My own medical adventure in Guatemala
It can happen to anyone, at any time and without warning
by Lori Shea
The subject matter was fascinating. Dr. Zetina was presenting detailed clinical reviews of complex cancer cases recently brought before the newly formed “Tumor Board” of top-notch oncology specialists, in alliance with Hospital El Pilar in Guatemala City. I need to know all about these important developments in order to accurately inform my clients and to disclose all the compelling facts in my next cancer article. I was studying the charts and listening to the presentation in Spanish, deciphering the medical terminology, translating it to English, condensing to digestible facts and writing my notes. Then, my world became hot, and spun around, and went black. Just like that, in seconds.
With the help of Dr. Linares, I recovered from the seizure a few minutes later, confused, weak and aching like I had just aged 30 years. Beyond the initial incredulity, I was absolutely indignant that my own body could have betrayed me so completely, with no warning and no mercy. Clearly, I needed some top-of-the-line doctors and specialized high-tech diagnostics right away.
Ever practical, my next thought was, “and how on earth am I going to pay for all this?” Thankfully, I am in Guatemala and not some other country … to the north, with no universal health care and an insanely expensive, convoluted medical system. I know that my Guatemalan doctors will have the skills and patience to diagnose my problem and guide my choices, within days, and for a very honorable fee.
Well, I figure, I must have eaten something severely funky to have caused my head to detach from my body like the Exorcist child, so I made an appointment with Dr. Garcia de la Riva, my favorite gastroenterologist, the next day. We enjoyed a lovely chat, but he recognized it right away as a neurological problem, and I still had a lot of questions to be answered.
Up until this day, the only apparent indicators of my “advancing maturity” were reading glasses and a few gray hairs.
Next stop is at Tecniscan for cerebral magnetic resonance imaging (MRI), electroencephalograph (EEG) and a battery of lab tests. For my clients, I depend on Tecniscan every day for everything from pre-op exams to positron emission tomography (PET) scans for early cancer detection. I know it offers the finest quality diagnostic instrumentation, equal to some of the best hospitals in the world. This time, it had to be perfect, with results delivered to my doctor the same day.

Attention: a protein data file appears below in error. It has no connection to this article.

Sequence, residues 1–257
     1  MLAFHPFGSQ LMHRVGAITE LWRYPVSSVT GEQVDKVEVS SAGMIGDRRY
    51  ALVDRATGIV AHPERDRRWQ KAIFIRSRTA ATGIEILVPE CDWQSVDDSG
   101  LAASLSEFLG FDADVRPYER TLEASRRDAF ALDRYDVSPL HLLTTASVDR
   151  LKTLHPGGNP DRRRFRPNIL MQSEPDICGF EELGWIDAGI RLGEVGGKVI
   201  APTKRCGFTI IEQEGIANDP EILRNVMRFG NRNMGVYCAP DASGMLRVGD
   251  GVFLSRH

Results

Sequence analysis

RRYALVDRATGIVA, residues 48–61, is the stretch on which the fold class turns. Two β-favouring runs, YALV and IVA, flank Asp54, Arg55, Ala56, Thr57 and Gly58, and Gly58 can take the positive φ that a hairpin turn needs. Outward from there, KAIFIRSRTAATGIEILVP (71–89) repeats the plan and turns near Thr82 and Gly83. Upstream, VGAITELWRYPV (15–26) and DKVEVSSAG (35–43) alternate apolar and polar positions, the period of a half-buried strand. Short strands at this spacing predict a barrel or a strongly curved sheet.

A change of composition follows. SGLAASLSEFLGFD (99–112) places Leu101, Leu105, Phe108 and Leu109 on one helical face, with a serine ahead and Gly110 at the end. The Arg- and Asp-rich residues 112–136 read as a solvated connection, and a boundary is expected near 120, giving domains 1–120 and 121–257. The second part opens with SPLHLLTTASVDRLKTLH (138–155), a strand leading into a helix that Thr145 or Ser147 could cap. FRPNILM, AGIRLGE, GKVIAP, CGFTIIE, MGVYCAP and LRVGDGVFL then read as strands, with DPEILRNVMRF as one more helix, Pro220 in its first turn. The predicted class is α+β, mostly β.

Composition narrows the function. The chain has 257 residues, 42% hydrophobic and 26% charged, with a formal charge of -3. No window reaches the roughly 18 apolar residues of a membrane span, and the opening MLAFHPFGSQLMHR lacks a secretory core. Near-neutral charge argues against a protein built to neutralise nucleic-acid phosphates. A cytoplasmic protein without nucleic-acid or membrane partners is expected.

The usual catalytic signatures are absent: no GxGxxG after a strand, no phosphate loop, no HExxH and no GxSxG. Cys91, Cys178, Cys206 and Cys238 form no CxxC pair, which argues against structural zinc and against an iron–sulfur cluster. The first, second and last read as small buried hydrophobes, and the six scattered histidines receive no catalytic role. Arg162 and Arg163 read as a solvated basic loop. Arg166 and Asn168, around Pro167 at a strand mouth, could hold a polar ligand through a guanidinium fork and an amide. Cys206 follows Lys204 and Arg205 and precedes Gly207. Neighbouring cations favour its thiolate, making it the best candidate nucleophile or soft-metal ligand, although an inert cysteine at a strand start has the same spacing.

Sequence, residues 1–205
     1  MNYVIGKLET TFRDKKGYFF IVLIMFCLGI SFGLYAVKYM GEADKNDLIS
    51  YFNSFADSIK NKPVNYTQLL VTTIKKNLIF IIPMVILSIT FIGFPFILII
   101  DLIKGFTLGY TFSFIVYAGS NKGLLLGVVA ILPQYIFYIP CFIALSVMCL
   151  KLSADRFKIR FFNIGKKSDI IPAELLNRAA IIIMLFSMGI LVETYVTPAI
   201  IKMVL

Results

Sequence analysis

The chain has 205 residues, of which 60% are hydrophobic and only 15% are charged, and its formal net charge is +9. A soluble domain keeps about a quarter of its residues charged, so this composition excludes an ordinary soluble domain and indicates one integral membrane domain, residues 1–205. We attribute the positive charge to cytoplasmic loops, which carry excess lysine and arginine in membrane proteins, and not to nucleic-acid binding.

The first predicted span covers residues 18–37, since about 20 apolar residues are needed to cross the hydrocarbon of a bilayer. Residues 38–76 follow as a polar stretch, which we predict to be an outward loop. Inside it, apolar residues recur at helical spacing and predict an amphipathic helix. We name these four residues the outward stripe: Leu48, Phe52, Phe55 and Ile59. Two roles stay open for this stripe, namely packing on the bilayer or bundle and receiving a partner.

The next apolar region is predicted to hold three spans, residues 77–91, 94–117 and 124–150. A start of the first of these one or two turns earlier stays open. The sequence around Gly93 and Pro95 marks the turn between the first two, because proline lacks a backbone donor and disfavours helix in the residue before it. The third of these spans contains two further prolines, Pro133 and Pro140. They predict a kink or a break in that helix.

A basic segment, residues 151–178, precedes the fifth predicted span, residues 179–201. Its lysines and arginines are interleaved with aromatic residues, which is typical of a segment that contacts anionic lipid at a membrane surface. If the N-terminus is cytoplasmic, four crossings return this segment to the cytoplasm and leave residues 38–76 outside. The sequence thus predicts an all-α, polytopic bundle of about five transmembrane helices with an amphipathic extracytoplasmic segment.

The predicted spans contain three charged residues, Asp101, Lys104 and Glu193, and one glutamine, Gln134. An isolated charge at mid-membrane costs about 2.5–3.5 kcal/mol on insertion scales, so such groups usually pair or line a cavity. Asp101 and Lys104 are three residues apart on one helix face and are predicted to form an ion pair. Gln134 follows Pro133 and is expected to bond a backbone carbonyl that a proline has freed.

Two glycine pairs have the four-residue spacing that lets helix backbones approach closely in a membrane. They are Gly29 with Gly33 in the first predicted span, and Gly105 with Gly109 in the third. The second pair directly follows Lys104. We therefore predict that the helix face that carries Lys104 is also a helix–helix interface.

In the elegant 12th floor high-rise office of my neurologist, Dr. Salguero patiently interpreted each frame of the MRI for me, with the clinical precision that comes from a lifetime of extensive experience. I was certain that his paternal tenderness and compassionate countenance were just softening me for the final blow: that monstrous, ghastly, grapefruit-sized tumor that had invaded my skull. But no, he assures me, “Everything is clear, well-balanced and perfectly normal. I can’t find anything wrong with you.” Well, that’s good news, I suppose.
All the best physicians know that family history plays a big role in diagnosing the medical issues that are affecting their patients today. So, now comes the dreaded phone call to my mother, to ask about some crazy old aunt who suffered a brain meltdown, or the poor cousin who “went away” and we don’t talk about him anymore.
“No, honey, you kids and all the family were always in perfect health. I can’t imagine what ….” For the major part of her 86 years, it has been my mother’s mission in life to impart to her children the reasons why things happen, with intuitive clarity, maternal wisdom and normally, a razor-sharp sense of humor. It was painful to hear her now, searching our history, grasping for clues. Then she rallied, triumphant, and gave it her best shot. “You know, dear, they are all alcoholics on your father’s side of the family.” I know, Mother, I remember the Christmas parties, but I think this is something different.
Oh no, dear doctor, with all due respect, I’m certain that you must be mistaken. I couldn’t possibly have heart problems. I’m waaaaaaay too young for that. Up until this day, the only apparent indicators of my “advancing maturity” were reading glasses and a few gray hairs. Agggh, now this. Since the recent renovation and installation of an entirely new cardiology wing, there is no better choice for cardiology than Herrera Llerandi Hospital. So, I had all the tests: 24-hour Holter monitor, ultrasound echocardiogram and stress test, only for Dr. Leal to tell me that my heart is the right size, in the right place, and doing exactly what it is supposed to do. Stress? Well, I work 60-80 hours per week. Do you think that might be a problem?
Within 10 days of my medical issue, I consulted with three world-class physicians, had five state-of-the-art diagnostic exams, 11 lab tests and then all the follow-up visits. Total medical expenses: GTQ7,500, or US $965. I’m certain that in some “other country” it might cost up to 10 times more and take a month or two.
Final analysis: A seizure like that will probably never happen again. And, I need a vacation. Maybe I should go to Florida and visit my mother.
Lori Shea is the founder of Guatemala Medical Travel (www.GuatemalaMedicalTravel.com); you can contact her directly: firstname.lastname@example.org